Sophia Takal is engaged to filmmaker Lawrence Michael Lavine and their roommate is actress Kate Lyn Sheil. After the three worked on Lavine’s debut feature, Gabi on the Roof in July (Takal played the eponymous lead, and Sheil co-starred), Takal decided to make her own movie, which would explore the theme of jealousy. She cast rising star Sheil as an insecure bookstore clerk, Genevieve; Lavine as Sebastian, her intellectually patronizing boyfriend; and herself as Robin, the offbeat, emotionally hungry local girl the couple meet when they rent a country cabin where Sebastian will document for his blog the planting of an organic garden. What results is a sharply observed, incisively directed and sexually provocative drama about competition and female identity. The more Genevieve imagines Robin as a possible rival for Sebastian’s love, the more unmoored she becomes, shaping herself into what she imagines to be his fantasy object. “She’s motivated by jealousy and competition, not love,” Takal says of Genevieve. “It’s sad. These two girls can’t come together, support each other, and create their own identities. Genevieve would rather be totally miserable as long as she’s close to this man, who gives her this sense of self.”
By casting her roommate and fiancé as a couple in a tale about sexual jealousy and competition, was Takal simply abstracting her own living situation into a kind of emotional “what if?” “Oh no,” she laughs. “My feelings about jealousy are really visceral. When I sat down to write the script, I did intellectualize them a bit. But I’ve always looked at other women as threats. I don’t know why.”
Takal studied film theory at Vassar and Barnard, where she met Lavine, who was her T.A. In addition to acting in Gabi, she was a producer and the editor, and when it was over she wanted to try something different. “Gabi was a pretty full set and I wanted to get away from that,” she says. “I wanted to be outdoors and not in tiny apartments. I had been watching a lot of Ozu and I wanted [the film] to be slower and feel calmer. It was essential [the production] be small.” Takal made Green on a micro-budget with just a d.p., a soundman and the cast. Her script consisted of the first 30 pages and the last, with the middle initially improvised by the actors off outlined scenes. But after a production break during which she watched her footage, Takal “restructured and rewrote,” shooting new scripted versions of the improvised material.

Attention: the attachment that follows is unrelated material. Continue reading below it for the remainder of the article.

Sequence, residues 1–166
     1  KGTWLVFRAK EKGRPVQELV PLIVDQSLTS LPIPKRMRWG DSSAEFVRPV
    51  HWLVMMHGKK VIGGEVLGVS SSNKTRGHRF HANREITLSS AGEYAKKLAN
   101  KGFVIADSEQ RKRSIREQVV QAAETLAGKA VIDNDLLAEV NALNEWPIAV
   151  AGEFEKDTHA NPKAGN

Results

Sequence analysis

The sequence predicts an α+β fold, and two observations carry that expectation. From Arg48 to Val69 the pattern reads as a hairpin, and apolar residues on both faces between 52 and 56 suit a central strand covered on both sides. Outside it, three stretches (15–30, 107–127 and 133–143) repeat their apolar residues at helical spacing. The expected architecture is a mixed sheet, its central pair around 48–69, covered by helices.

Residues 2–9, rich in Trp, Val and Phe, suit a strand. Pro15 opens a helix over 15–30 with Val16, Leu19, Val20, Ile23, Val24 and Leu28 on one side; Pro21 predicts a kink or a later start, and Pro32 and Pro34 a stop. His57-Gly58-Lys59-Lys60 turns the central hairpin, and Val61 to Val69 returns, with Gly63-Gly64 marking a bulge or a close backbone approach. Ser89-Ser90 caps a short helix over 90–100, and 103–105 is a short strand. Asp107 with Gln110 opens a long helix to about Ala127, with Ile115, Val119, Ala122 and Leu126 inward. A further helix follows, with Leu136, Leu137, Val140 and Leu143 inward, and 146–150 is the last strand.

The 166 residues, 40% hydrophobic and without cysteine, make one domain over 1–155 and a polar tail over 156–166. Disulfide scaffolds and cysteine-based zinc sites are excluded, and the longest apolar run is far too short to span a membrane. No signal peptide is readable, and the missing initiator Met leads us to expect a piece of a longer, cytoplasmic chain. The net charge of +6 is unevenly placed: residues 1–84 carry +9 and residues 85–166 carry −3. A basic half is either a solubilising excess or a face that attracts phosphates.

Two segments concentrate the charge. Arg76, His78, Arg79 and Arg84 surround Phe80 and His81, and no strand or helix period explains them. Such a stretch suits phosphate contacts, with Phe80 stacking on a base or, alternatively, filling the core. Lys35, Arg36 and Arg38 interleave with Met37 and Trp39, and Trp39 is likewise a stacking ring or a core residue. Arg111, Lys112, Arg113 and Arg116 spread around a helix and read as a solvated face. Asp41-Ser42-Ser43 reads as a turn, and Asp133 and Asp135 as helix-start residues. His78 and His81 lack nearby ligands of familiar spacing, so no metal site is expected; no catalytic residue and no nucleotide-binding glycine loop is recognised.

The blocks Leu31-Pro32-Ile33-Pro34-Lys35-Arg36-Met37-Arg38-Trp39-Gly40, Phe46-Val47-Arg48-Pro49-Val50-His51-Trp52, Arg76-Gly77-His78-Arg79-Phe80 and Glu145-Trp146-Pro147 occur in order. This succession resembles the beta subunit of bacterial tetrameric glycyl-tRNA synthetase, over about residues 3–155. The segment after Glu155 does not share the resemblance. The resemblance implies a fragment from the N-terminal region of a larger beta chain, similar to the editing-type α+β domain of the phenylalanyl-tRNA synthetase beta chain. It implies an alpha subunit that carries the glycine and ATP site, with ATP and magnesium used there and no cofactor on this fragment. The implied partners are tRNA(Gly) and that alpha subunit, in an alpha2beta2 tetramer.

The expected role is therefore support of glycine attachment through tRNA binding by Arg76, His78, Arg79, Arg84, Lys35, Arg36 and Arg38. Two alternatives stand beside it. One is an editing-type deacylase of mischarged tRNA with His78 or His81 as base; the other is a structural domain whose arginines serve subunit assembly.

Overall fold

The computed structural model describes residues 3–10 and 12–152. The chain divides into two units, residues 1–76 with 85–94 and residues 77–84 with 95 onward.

Green premiered at SXSW and went on to play the BAMCinemaFest, where audiences and critics were seduced by the film’s visual assurance, discomforting sound design and strong performances. Coming up, Takal will be seen as a performer in films by Ti West and Joe Swanberg, will work with Lavine on his next picture, and then will prep her directorial follow-up. “I’m writing now a comedy about an overly politically correct white girl who goes to Africa to find herself. It’s loosely based on Rohmer’s Le Rayon Vert and is about someone who wants to have a real human connection but who goes about it entirely the wrong way. The challenge is to not make it overly political but also not to overlook the political.” — S.M.